In Figure 2, the results for enzymatic polymerizations at 90 °C are shown. We can observe that 100% of monomer conversion was reached after 12 h of reaction time when Y. lipolytica lipase was immobilized on Lewatit K2629 beads (bulk, Mn 899 Da; heptane, Mn 974 Da; toluene, Mn 863 Da; isooctane, Mn 1493 Da; decane, Mn 1441 Da); when free YLL was used, a conversion of 100% was reached at 72 h, and a Mn 1095 in bulk conditions. The highest molecular weight (Mn 10,685 Da) was obtained after 60 h (100% monomer conversion) using YLL that was immobilized on Lewatit 1026 and using decane as solvent, being the lowest molecular weight (Mn 708 Da) using free YLL in toluene after 48 h and a monomer conversion of 74%.
When YLL was immobilized on amberlyst 15, 100% of monomer conversions were reached after 12 h (bulk, heptane, toluene, isooctane, and decane). The highest molecular weight was obtained after 72 h in heptane (Mn 3369 Da) and the lowest after 12 h in toluene (Mn 862 Da).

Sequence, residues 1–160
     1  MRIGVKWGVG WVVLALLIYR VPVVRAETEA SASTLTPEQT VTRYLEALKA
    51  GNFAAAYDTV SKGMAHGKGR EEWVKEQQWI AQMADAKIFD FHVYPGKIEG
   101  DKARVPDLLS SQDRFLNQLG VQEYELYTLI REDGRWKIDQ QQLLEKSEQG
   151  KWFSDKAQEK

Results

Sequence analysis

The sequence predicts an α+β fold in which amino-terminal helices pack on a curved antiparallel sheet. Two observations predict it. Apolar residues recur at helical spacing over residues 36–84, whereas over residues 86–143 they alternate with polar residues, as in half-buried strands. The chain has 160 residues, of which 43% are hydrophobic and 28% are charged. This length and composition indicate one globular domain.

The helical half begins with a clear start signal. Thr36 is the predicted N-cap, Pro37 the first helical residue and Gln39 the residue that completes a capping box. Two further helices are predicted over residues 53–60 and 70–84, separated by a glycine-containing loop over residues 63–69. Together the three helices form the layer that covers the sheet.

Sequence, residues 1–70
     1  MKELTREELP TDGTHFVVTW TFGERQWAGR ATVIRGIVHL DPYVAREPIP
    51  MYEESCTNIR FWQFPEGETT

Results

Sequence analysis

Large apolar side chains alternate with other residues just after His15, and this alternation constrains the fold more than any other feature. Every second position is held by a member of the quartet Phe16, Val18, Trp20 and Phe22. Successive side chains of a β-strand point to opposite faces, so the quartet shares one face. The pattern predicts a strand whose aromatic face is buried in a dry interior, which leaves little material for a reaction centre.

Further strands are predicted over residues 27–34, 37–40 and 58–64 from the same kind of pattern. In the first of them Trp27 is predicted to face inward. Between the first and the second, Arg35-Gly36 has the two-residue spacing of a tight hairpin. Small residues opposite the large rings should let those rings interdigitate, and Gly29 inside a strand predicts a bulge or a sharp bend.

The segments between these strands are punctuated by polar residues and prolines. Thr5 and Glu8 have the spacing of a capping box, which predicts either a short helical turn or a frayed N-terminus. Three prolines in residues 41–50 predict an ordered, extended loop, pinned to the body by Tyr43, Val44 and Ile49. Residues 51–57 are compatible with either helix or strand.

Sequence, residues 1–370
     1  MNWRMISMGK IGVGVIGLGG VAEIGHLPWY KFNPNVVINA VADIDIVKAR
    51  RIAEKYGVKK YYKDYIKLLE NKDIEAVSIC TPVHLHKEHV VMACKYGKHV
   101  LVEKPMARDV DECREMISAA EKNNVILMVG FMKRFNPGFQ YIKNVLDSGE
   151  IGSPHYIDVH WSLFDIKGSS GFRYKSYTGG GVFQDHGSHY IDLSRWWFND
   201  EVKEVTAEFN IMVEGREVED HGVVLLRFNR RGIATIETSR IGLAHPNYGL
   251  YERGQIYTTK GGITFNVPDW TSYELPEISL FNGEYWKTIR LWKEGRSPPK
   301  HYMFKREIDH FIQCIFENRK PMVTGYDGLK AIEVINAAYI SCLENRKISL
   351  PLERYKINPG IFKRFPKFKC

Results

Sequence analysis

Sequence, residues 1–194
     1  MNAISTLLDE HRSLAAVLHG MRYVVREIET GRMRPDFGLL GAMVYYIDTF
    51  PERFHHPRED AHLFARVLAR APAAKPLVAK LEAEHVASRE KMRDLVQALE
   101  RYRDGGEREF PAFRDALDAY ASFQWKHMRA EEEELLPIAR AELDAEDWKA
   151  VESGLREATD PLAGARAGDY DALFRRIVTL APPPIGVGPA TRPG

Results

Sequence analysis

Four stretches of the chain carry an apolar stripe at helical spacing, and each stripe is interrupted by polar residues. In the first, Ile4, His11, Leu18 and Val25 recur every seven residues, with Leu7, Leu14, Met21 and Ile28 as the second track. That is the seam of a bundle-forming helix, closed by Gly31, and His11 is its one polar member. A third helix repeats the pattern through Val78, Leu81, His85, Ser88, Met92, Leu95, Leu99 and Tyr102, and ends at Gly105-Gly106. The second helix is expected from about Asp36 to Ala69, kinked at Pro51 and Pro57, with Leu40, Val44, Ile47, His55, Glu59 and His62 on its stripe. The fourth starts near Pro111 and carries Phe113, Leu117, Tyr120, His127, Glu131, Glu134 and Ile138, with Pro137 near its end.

The dependence of the catalytic activity of the enzymes on the polarity of solvents is attributed to the solvent’s ability to strip the enzyme from its essential water layer, or to penetrate into the water layer in order to distort the interaction between the water and the enzyme molecule. Polyesters of higher molecular weight were obtained in poor solvents, whereas in bulk and in good solvents only low-molecular weight oligomers were formed. This latter finding could be explained in terms of the good solubility and the consequent removal of the product oligomers from the enzyme surface, resulting in a lowering of the concentration of the oligomer-substrate near the enzyme. However, in a poor solvent, the growing substrate concentrates near the enzyme, and thus enables further reaction between the functional hydroxyl and ester groups of larger molecules, and consequently higher-molecular-weight polyesters were produced.
By raising the reaction temperature, a sharp increase in the degree of polymerization of the product polyesters could be observed. A sharp increase in the monomer conversion could be observed too. When comparing experiments carried out at prolonged times at 70 and 120 °C, showed that the molecular weights of the obtained polymers were about 683 and 3498 Da, respectively.